In East London more people drowned when over a thousand homes were deluged. The floodwater reached as far as the embankments in Victoria and Chelsea. The Thames and the River Lea burst their banks: only the fact that the storm was abating prevented the engulfment of the London Underground.

(Photo: thisislincolnshire.co.uk)

One Lincolnshire survivor, Gertrude Trevethick of Sea Lane, Saltfleet, later wrote in her diary about the ‘night of horror and fear’ when the sea flooded her family home. Her husband carried their children upstairs to safety while she gathered tins of food, clothes and a kettle. With the children all huddled together in one bed, Mr and Mrs Trevethick then watched helplessly from the bedroom window as the sea consumed their neighbours’ bungalows. The Trevethicks lost three friends that dreadful night, Mrs Clayton, Mrs Millward and Mr Frost, who all drowned. She recorded how Saltfleet farmer Herb Horton recovered his own father’s body and dispatched his mother off to hospital, then worked on all through the night, using his tractor to rescue trapped people and transporting them to safety.

No doubt there were many unsung heroes on the night of the great flood. Five people, however, were awarded the George Medal for their bravery and gallantry.

(Photo: eadt.co.uk)

Four of them were two Lincolnshire policemen, a fireman from Great Yarmouth and an American serviceman. The other was Reis Leeming, a 22-year-old stationed at the US air base at Sculthorpe, Norfolk, who battled through the night in a small rubber dingy to rescue 27 trapped people. Eventually the young airman collapsed with exhaustion and thought he was going to die himself as he was suffering from severe hypothermia. He awoke in hospital to the news that 31 people from the air base and family accommodations had died, 16 of them were American citizens. A fleet of haulage vehicles carrying 30 rowing boats was dispatched to Sutton-on-Sea but they could not reach the cut-off village, the swollen sea barred their way for a mile and a half (2.4km). Rescue attempts had to be put on hold until the Army arrived with specialist vehicles.

The Safe’s Safe

Before the Army could leave after they had done all they could to assist the rescue effort, the manager of Lloyds Bank Sutton-on-Sea branch, which was completely submerged, requested their help with the removal of the bank safe, (which contained about £ 5,000), to their branch in Alford. This task was accomplished using a winch, a ramp, a flat-back lorry and lots of manpower.

Aftermath

The economic impact of the storm surge was enormous: ships, including trawlers, were sunk and livelihoods lost. Many herds of cattle drowned; huge areas of low-lying arable land flooded and became unsuitable for crop-growing for many years afterwards due to contamination. Over a hundred roads, including 11 major routes, were impassable and 200 miles of railway was cut off in England alone. Fresh water stored underground was polluted with sea water. Many thousands of homes that were flooded could not be repaired, so they had to be demolished, meaning tens of thousands of survivors of the flood were displaced.

Affected people were devastated at the unbearable loss and destruction, and some locals never recovered from crushed spirits and broken hearts. A stressed Cleethorpes grocery shop owner, having surveyed the uninsured ruined stock, never went back, and his abandoned shop was sold the following year3. The railway track, which terminated at Cleethorpes Station, was relaid. New sea defences were erected and the promenade replaced. The entire promenade received a make-over in a modernisation programme during the 1990s.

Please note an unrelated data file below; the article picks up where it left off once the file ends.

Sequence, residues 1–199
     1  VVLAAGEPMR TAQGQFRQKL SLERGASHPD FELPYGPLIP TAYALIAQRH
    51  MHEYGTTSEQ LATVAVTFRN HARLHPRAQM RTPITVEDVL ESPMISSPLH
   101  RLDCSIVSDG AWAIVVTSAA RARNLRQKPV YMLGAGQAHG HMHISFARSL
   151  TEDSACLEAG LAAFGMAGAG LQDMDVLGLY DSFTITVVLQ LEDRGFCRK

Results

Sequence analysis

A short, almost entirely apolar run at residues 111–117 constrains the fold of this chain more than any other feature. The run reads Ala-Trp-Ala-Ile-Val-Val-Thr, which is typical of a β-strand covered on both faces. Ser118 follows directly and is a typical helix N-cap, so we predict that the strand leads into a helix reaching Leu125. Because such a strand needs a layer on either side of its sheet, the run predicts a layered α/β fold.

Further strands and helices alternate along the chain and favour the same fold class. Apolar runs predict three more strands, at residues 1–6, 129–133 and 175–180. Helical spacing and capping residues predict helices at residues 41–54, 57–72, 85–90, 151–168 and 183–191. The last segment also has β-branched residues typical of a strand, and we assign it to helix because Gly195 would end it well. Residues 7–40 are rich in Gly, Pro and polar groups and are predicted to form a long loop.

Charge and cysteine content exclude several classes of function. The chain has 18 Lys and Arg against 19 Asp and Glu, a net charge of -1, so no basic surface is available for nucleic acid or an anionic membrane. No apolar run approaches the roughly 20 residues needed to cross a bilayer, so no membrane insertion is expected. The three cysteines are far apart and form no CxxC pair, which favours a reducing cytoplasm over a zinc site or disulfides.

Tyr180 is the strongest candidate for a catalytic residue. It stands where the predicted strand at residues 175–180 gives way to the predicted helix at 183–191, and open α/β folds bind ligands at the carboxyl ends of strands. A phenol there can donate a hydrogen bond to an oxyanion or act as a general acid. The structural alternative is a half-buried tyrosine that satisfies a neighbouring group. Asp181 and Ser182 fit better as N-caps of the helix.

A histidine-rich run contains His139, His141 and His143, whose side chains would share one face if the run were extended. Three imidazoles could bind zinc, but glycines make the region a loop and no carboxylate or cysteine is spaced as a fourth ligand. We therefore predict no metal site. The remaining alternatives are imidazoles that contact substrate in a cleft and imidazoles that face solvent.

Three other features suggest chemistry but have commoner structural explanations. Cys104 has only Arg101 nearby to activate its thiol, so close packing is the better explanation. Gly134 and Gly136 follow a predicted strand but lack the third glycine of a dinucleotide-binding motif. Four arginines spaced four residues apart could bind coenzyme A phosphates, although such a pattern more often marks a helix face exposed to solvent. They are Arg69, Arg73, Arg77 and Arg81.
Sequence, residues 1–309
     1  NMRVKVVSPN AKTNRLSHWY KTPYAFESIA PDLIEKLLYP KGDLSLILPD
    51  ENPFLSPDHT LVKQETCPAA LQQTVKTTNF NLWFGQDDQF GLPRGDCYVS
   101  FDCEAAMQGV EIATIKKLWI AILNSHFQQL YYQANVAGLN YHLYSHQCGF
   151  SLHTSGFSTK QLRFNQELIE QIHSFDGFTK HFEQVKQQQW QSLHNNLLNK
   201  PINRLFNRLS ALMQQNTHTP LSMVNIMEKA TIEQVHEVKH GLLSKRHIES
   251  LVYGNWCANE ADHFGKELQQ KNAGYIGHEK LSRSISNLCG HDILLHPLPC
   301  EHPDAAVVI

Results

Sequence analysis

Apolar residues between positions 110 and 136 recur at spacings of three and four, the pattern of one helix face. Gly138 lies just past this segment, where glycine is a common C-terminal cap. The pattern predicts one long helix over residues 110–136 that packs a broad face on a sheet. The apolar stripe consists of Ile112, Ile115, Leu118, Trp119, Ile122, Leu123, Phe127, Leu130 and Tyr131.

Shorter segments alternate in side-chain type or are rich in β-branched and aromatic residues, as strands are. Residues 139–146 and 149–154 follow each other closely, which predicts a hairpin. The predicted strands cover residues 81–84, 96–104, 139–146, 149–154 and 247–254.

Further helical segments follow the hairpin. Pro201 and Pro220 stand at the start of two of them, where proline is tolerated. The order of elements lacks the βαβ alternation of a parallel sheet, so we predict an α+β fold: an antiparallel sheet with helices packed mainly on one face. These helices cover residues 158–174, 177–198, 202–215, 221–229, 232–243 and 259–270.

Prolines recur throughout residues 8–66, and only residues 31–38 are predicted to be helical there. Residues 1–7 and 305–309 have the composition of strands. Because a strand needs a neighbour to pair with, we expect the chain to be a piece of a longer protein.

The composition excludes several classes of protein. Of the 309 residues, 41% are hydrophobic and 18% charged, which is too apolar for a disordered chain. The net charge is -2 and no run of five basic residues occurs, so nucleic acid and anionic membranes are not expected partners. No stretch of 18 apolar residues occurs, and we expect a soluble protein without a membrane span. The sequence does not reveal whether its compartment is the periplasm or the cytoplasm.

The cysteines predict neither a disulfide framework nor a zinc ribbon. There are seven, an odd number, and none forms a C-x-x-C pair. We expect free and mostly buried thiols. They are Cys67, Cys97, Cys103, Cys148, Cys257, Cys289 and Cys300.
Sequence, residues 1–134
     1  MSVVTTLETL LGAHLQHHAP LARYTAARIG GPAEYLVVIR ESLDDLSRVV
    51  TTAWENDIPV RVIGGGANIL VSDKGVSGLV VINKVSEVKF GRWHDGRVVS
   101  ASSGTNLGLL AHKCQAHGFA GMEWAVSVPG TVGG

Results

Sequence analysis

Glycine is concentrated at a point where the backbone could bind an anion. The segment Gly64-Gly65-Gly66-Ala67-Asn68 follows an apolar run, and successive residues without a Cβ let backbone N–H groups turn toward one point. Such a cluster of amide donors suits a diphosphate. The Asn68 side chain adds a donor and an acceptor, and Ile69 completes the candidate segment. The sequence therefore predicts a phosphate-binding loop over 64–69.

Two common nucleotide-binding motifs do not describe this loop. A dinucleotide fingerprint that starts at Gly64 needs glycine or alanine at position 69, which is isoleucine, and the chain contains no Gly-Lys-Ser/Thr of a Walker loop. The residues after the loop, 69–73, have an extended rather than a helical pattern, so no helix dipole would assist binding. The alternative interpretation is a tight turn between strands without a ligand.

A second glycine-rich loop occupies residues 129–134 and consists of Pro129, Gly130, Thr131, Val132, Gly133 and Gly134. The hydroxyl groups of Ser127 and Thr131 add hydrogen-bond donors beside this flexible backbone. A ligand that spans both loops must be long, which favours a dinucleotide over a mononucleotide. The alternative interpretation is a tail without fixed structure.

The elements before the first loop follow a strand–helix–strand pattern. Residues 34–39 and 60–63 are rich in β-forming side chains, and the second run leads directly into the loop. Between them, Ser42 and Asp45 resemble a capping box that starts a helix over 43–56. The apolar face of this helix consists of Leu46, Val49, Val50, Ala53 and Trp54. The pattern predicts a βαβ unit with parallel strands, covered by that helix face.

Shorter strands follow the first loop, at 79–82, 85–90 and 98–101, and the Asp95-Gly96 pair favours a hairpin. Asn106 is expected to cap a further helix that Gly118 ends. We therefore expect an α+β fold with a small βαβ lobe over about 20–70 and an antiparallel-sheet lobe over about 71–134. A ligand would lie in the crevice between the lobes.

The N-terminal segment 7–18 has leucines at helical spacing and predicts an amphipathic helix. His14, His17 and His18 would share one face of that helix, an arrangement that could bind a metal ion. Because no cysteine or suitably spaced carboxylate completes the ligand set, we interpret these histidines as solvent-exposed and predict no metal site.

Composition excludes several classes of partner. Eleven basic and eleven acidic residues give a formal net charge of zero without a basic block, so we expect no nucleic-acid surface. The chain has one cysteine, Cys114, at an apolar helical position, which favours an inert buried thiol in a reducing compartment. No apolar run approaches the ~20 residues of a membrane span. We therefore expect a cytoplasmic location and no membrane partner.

The British Conservative government, headed by Prime Minister Anthony Eden, instigated the rebuilding of sea defences where they had existed and instructed the building of new flood protection. The Met Office established the ‘Storm Tide Forecasting Service’ which provided details of tidal surges and forecasts of wave activity over the next 24 hour period. The Queen, who was staying at Sandringham in Norfolk at the time of the devastation, visited nearby Hunstanton. The Duchess of Gloucester, representing the Queen, met with dignitaries and local survivors at Alford in Lincolnshire.

In The Netherlands, attention was focused on the closure of the dykes which had failed to give protection to the people living in areas below sea-level. The Deltawerken (Delta Plan) was conceived with the intention of preventing such a repeat of the tragic 1953 disaster. (see video below)

In London, planning for the Thames Barrier began, but was only completed in 1982, 29 years after the disaster. It

(Photo: 21stcenturychallenges.org) Thames Barrier

protects 45 sq miles (116.5 sq km) of the capital which is vulnerable to the risk of flooding. This should last until 2070; it’s hoped that a new barrier at Long Reach will be in place by then. The National Rivers Authority was created in 1989 to take charge of flood defences in England and Wales. When the Environment Agency was formed in 1996, they became responsible for flood defences and warnings over the entire UK. In 2003, HRH the Duke of Edinburgh unveiled a plaque in Mablethorpe, Lincolnshire, to commemorate the 50th anniversary of the 1953 great flood.

Wallasea Wetlands

One of the last4 areas to be cleared after the flooding, Wallasea Island near Burnham-on-Crouch, Essex, has since been turned into The Wallasea Island Wild Coast Project, the UK’s largest man-made wetland. The UK Government had allowed the Lappel Bank cargo terminal to be developed in the 1990s, destroying the wetlands and marshes in the Medway estuary in Kent in the process, even though they were protected under the European Union’s Birds’ Directive. Following an upheld challenge by the RSPB (Royal Society for the Protection of Birds), the European Court ruled that the Government had acted illegally, so the Wallasea Wetlands Creation Project was undertaken to make amends for the loss. The UK Government spent £ 7.5m on ‘coastal engineering’ to create a new habitat of 115 hectares of salt marsh, mudflats, saltwater lakes and seven created islands for many wading birds like lapwings, oystercatchers and avocets.